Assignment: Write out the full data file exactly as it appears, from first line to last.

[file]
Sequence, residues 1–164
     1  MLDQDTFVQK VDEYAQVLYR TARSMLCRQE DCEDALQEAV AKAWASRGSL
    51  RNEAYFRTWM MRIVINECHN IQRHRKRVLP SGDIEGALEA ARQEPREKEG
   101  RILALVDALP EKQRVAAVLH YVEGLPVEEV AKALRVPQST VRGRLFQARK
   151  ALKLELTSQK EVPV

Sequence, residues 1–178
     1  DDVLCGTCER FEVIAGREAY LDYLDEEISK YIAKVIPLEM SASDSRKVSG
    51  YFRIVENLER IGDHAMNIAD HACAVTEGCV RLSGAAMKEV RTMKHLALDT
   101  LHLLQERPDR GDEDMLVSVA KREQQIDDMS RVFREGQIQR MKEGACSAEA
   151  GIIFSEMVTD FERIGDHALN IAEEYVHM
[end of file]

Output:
Sequence, residues 1–164
     1  MLDQDTFVQK VDEYAQVLYR TARSMLCRQE DCEDALQEAV AKAWASRGSL
    51  RNEAYFRTWM MRIVINECHN IQRHRKRVLP SGDIEGALEA ARQEPREKEG
   101  RILALVDALP EKQRVAAVLH YVEGLPVEEV AKALRVPQST VRGRLFQARK
   151  ALKLELTSQK EVPV

Sequence, residues 1–178
     1  DDVLCGTCER FEVIAGREAY LDYLDEEISK YIAKVIPLEM SASDSRKVSG
    51  YFRIVENLER IGDHAMNIAD HACAVTEGCV RLSGAAMKEV RTMKHLALDT
   101  LHLLQERPDR GDEDMLVSVA KREQQIDDMS RVFREGQIQR MKEGACSAEA
   151  GIIFSEMVTD FERIGDHALN IAEEYVHM